Left to Right: Local 98 boss John Dougherty, state representative candidates Jonathan Rowan and Nick DiDonato. Bottom: FOP Lodge  5 president John McNesby.

FOP president John McNesby wasn't there for DiDonato's presentation — he isn't part of the endorsement board — but he scoffed at the suggestion that the union was somehow in cahoots with Dougherty.

"Not a single person wanted to endorse him," McNesby said of DiDonato.

"Our issues are pensions, equipment and safety, and he's talking about the parking on Broad Street and the Mummers. It didn't make any sense. I don't know what Johnny Doc has to do with anything."

(DiDonato's early platform issues were indeed allowing illegal parking to remain unchecked on the South Broad Street median, and returning the New Year's Day parade to its original South Philly-centric route.)

DiDonato said an FOP board member recently asked to speak to him. "My response to that was, 'There's nothing to talk about. Thank you for the slap in the face,'" he said.

"We wish him well," McNesby said.

Oh, no, they didn’t

Subtlety and state politics don't exactly go together like peanut butter and jelly these days. But even your seen-it-all friends at Clout tripped over what the Pennsylvania Republican Party seemed to imply in a fundraising email that made the rounds this week.

The missive started off by citing an Inquirer and Daily News story that explored lingering questions that surround U.S. Rep. Bob Brady and former Democratic congressional candidate Marjorie Margolies, both of whom were eyed in separate federal investigations that resulted in charges of conspiracy and facilitating illegal campaign contributions being filed against longtime political consultant Ken Smukler.

"Why have prosecutors decided to charge the consultant but not these high-profile Democratic Party candidates?" read a portion of the email. "Part of the problem is that southeastern Pennsylvania is a Democratic Party swamp…where candidates knowingly violate election laws and are not prosecuted."

Reading between the lines, the email — signed by state Republican Party executive director Mike Stoll — seemed to suggest that federal prosecutors were looking the other way on political corruption.

We wonder if former U.S. Rep. Chaka Fattah, former State Sen. Vince Fumo, and former Philly District Attorney Seth Williams — Democrats whose political careers were all ended by federal investigators — would agree.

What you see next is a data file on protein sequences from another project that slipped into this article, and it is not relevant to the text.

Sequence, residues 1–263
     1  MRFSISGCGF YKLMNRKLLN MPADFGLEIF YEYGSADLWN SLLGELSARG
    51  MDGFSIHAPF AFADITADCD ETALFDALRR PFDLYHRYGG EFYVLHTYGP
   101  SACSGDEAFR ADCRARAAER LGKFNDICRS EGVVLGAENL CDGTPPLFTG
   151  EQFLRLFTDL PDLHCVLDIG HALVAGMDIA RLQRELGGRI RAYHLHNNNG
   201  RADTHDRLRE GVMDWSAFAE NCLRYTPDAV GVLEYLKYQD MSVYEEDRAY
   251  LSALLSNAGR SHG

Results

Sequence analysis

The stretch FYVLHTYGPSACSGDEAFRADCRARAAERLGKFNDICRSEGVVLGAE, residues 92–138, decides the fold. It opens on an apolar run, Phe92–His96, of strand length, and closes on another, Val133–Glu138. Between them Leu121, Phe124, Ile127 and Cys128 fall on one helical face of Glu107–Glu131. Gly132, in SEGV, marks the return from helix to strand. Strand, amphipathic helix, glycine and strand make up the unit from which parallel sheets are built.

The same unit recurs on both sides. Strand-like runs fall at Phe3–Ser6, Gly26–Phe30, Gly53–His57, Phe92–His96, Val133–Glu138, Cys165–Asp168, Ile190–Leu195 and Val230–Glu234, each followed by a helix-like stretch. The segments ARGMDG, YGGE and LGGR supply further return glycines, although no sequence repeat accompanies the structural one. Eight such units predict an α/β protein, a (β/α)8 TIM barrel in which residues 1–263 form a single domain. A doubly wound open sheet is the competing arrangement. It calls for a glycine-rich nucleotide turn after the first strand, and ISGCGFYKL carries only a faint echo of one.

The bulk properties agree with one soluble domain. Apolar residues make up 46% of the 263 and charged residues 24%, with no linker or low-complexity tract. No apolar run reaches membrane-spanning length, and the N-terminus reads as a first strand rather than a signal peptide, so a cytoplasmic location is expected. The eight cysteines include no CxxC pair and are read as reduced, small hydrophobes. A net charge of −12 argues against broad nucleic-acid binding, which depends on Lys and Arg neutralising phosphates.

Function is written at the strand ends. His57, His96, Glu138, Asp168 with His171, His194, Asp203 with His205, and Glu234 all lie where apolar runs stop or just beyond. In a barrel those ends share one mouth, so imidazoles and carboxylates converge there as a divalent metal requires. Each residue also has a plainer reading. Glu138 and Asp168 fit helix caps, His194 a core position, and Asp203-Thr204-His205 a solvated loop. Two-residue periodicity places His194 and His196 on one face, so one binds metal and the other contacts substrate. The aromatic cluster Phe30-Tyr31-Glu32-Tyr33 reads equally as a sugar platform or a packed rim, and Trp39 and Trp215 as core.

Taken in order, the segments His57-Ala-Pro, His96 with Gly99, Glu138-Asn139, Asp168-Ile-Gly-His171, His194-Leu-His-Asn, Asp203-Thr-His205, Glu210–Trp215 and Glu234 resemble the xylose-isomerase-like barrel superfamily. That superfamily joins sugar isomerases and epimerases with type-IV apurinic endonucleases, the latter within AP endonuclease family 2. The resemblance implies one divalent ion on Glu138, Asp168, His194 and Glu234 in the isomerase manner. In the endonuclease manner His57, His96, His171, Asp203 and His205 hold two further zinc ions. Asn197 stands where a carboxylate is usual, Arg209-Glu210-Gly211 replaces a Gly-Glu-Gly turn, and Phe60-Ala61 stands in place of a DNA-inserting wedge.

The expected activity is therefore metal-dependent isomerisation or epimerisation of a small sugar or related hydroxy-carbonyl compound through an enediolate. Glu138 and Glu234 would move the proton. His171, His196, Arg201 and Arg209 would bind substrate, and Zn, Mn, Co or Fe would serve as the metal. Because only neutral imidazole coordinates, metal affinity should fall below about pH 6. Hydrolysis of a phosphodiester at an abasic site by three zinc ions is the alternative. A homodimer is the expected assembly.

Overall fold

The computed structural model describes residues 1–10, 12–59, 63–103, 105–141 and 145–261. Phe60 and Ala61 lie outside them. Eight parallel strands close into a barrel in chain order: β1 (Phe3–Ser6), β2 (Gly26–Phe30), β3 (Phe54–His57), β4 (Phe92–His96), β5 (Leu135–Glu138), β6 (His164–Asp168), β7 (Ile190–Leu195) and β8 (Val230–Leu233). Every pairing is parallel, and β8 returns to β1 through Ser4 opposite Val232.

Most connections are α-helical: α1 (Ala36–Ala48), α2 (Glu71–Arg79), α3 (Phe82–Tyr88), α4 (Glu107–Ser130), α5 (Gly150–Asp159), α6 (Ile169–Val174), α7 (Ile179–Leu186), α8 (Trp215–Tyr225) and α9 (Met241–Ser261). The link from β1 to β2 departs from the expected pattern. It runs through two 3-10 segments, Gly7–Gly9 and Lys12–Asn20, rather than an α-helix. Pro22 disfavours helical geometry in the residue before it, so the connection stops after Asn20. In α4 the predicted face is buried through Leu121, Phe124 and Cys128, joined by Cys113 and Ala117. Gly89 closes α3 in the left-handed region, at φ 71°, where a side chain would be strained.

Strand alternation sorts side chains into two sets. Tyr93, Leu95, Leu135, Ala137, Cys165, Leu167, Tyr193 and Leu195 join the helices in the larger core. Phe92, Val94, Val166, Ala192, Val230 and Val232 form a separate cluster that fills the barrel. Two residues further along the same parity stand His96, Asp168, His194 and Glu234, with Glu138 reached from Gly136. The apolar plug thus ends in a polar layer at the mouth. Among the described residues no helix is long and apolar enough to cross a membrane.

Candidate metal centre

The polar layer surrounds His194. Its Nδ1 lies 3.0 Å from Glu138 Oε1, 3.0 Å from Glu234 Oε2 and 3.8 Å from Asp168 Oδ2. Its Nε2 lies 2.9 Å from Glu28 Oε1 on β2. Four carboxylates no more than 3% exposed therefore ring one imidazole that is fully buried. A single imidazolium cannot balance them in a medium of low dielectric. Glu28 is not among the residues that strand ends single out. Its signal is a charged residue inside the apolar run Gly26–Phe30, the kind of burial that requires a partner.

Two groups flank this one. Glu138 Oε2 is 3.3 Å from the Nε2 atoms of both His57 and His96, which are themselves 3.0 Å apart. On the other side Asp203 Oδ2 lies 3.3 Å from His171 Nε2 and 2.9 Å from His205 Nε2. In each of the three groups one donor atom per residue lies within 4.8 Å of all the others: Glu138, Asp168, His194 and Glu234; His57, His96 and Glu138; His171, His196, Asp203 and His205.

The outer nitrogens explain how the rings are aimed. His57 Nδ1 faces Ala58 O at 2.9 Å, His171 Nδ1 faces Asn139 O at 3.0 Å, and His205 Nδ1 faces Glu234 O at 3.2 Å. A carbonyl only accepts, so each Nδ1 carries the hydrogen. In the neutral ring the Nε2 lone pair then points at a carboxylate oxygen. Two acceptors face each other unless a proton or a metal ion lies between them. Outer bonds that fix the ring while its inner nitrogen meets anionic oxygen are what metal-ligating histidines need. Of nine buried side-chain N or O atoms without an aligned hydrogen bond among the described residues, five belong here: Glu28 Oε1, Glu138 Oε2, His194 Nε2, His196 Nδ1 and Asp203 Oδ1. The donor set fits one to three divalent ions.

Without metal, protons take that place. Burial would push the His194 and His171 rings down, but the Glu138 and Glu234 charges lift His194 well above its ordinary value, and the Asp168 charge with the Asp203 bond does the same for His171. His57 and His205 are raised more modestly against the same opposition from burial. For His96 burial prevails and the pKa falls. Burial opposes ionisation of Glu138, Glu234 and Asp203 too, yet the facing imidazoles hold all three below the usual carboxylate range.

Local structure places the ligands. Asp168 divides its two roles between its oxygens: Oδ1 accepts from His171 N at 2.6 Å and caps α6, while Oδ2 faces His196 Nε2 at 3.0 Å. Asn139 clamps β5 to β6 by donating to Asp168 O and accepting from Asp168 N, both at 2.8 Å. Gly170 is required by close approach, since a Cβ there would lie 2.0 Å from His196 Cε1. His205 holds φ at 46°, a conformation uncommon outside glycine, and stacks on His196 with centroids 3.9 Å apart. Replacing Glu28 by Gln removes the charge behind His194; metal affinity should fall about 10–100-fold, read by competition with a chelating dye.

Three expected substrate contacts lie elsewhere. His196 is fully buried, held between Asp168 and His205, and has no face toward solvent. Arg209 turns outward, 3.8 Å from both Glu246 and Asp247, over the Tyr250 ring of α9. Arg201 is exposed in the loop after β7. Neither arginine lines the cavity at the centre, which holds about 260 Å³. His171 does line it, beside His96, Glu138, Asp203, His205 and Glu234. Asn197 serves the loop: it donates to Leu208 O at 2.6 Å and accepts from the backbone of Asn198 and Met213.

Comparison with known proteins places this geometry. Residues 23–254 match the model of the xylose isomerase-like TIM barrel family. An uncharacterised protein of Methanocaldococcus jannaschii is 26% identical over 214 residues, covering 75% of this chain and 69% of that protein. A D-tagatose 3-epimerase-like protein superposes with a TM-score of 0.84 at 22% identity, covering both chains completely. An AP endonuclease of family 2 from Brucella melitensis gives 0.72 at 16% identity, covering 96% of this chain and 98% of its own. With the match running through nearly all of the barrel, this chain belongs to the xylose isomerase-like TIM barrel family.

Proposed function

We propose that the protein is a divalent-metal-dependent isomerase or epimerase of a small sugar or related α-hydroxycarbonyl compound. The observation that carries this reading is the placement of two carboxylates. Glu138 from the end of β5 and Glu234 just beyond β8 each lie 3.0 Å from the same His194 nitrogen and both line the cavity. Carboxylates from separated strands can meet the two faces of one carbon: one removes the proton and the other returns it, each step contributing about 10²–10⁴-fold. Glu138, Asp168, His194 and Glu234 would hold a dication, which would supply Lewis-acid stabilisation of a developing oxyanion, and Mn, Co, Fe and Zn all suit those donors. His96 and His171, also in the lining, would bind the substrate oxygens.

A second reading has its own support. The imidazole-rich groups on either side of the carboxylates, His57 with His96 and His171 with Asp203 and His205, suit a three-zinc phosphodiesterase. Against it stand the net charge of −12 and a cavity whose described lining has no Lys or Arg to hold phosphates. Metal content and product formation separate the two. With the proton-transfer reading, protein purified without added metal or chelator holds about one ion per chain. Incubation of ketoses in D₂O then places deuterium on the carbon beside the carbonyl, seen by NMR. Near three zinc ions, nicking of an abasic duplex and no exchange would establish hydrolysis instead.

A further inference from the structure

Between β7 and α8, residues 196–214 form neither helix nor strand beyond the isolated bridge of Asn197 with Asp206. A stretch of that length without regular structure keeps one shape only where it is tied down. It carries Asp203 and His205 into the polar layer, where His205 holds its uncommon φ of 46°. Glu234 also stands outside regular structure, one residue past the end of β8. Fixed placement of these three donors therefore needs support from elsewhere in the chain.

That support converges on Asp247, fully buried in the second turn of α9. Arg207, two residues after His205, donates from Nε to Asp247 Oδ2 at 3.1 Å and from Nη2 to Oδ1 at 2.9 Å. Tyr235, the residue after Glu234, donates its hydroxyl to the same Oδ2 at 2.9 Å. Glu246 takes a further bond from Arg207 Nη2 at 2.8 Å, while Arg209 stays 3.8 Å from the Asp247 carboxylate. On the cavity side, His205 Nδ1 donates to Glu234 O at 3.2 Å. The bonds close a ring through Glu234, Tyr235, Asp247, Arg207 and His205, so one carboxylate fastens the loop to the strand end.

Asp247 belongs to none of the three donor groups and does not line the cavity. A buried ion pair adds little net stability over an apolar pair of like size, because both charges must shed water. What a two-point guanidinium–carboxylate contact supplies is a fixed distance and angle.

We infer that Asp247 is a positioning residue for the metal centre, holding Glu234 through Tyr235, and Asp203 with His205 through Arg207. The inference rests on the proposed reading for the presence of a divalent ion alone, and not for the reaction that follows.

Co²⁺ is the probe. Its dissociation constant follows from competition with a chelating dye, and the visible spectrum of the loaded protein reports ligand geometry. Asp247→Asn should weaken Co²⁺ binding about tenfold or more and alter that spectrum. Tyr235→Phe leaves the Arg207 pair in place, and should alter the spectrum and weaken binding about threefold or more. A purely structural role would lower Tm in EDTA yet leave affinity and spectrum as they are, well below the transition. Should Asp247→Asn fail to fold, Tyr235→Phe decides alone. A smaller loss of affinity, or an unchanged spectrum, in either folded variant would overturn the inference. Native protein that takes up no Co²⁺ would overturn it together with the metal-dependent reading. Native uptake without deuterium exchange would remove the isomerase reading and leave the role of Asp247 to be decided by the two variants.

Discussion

So, about that Chester County race

Last week, Clout reported on a bit of drama – one of our specialties – in Chester County, where Republican U.S. Rep. Ryan Costello recently took a powder and decided at the last minute not to run for re-election, leaving political newbie and tax lawyer Greg McCauley Sr. as the sole Republican candidate on the ballot.

We heard that some Chester County GOP leaders were floating the idea of recruiting another Republican, Coatesville's Amber Little-Turner, to run a write-in campaign to oppose Democrat Chrissy Houlahan.

Chester County and Pennsylvania GOP Chairman Val DiGiorgio said last week that he hadn't enlisted Little-Turner to run, but added, "I'm just making sure the committee understands all their options."

Ah, yes. Options.

We checked back with DiGiorgio this week. He now says local Republican leaders have coalesced behind McCauley – no "buts," no "options."

"It was a consensus decision of the leaders in Chester County to get behind Greg enthusiastically and wholeheartedly. It was a group decision," DiGiorgio said, adding that the county committee wanted to make sure it properly vetted McCauley in the little time they had.

Now, the question becomes: How do they hang onto this seat?

"That's a tough race," DiGiorgio admitted. "But in Greg, I think we have a candidate who's viable and is going to create a lot of enthusiasm. We think we're in the race and certainly not giving up."

Staff writers Andrew Seidman, David Gambacorta, and William Bender contributed to this column.